This dealership had an agreement with a vendor to provide SEO services in exchange for a monthly payment of between $1,000 and $2,000. The vendor’s agreement clearly spelled out the services they would provide. Among these, they were to create a specified number of content pages (mostly model reviews) and blog posts each month. For the sake of honoring my client’s desire to remain anonymous, let’s say the total number of content pages plus blog posts in the agreement was five per month.
Over the previous eight months (the period I reviewed), this vendor’s contract indicated they should have delivered 40 total pages of content, yet they provided exactly four. Yes, they delivered only 10% of what this portion of their SEO contract required. Moreover, the content they created for the dealership was poorly written and likely would have no positive impact on the website’s search visibility. Coincidentally, two of the four content pieces were provided immediately after the dealership (at my request) sent a note to the vendor asking for clarification of their SEO package.
Think about this for a moment: these model pages and blog posts were the only requirements in the SEO contract that would’ve been visible to the dealership, and the vendor just skipped 90% of them. This begs the question: What other requirements of the SEO contract had this vendor been skipping?
But the Dealer Should’ve…
I’ve relayed this story a few times and I was surprised that some people wanted to blame the dealer. Their argument was that the dealer should’ve regularly inspected the posts and other content.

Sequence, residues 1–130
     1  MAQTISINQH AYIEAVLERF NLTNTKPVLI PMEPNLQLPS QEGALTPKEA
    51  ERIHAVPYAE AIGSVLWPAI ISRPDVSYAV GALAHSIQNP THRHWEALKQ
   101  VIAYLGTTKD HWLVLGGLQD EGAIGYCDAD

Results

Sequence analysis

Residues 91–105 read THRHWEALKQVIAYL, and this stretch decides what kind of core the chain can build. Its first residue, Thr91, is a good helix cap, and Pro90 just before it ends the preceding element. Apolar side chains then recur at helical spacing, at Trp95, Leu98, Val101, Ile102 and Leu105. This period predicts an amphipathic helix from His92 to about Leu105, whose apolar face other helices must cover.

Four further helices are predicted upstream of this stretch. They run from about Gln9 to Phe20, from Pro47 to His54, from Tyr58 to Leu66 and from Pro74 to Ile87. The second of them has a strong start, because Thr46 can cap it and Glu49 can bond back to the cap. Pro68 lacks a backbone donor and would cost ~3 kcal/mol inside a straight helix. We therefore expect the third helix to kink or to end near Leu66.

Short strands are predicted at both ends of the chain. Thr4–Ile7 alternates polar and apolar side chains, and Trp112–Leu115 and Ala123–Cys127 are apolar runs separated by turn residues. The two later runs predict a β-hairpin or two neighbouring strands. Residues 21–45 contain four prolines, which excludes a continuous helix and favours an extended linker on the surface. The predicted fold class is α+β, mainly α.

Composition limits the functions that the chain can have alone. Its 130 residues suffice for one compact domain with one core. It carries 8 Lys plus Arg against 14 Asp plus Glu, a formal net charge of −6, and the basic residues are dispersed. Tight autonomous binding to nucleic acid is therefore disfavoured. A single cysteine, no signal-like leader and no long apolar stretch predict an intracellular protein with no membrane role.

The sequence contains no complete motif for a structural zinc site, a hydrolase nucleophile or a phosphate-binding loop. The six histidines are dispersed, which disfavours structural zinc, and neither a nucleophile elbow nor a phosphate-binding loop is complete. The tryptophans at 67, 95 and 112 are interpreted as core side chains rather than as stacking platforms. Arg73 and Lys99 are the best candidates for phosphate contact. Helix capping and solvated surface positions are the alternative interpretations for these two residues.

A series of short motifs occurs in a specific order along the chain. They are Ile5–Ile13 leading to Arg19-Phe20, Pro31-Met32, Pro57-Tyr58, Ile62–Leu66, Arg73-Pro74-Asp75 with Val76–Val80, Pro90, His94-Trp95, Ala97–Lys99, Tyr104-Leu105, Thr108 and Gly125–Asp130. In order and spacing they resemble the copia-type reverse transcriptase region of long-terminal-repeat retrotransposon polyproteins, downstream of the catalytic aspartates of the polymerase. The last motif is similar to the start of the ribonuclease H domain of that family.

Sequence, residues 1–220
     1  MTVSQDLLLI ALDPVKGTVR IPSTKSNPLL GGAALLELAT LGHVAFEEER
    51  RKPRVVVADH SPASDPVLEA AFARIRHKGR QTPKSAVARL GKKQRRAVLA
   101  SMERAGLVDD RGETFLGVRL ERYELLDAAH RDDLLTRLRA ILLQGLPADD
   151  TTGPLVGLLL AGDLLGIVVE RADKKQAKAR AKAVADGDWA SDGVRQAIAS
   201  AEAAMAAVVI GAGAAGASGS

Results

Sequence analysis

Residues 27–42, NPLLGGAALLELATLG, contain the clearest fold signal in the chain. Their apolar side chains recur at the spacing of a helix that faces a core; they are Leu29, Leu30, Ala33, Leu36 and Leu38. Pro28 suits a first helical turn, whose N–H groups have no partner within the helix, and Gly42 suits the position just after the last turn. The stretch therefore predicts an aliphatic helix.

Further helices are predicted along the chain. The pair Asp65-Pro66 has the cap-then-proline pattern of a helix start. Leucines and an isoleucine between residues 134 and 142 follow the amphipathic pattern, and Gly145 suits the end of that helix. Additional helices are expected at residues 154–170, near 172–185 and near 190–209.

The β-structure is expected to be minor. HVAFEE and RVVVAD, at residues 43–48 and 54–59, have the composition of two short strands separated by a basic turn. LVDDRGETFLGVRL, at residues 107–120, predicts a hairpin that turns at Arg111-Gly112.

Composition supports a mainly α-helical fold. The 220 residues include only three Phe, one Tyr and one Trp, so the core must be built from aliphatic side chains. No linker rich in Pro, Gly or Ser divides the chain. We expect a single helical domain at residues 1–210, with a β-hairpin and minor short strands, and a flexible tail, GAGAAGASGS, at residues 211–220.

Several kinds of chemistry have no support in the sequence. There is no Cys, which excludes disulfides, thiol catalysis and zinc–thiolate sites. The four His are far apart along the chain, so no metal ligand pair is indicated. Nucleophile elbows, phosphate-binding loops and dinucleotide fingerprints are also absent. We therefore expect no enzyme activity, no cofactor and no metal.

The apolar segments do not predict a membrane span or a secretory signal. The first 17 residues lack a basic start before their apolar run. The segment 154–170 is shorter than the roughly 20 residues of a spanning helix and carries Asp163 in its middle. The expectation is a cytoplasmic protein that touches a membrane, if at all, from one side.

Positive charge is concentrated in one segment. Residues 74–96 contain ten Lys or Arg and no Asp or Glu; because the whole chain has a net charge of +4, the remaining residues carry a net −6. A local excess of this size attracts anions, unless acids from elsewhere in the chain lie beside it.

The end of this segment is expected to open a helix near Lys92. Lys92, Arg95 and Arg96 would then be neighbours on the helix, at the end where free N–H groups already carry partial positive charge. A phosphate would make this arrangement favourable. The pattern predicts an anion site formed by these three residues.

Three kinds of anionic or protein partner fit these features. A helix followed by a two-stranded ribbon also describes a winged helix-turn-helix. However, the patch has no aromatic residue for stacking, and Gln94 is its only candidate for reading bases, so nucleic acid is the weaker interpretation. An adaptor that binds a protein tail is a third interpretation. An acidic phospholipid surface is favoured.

Perhaps. But the reality is that dealers and managers already have plenty they need to inspect. Plus, this was not some no-name agency, this was an OEM-recommended vendor. Finally, the monthly spend for SEO was relatively small compared to paid search and social, so you could excuse the dealer if they worried about the larger budgets and trusted this vendor.
Oh, and what would the dealer have inspected, anyway? They were receiving the colorful monthly graphs and being told how great their organic traffic was looking. Even if this vendor was writing the required content, the reporting the dealer received would not have provided any insight into the effectiveness of the SEO efforts.
My advice to this client? When you change providers, demand the new vendor provide a monthly SEO Log with links to the written content each month and demand that the vendor enable Search Console in Google Analytics. Also, let the vendor know you don’t care to see their colorful graphs each month, just a recap of the search terms the vendor focused on last quarter and how those keywords were performing in Search Console this month.
The Choice is Yours
When, not if, the automotive market returns to something close to normal, the choice is yours. You can overpay as you compete for the same clicks and third-party leads your competition is chasing, or you can enjoy increased organic website traffic from real buyers in your market… all because you decided to stop paying for Typical Automotive SEO and switched to a Real SEO provider months ago.
Automotive Sales Books by Steve Stauning: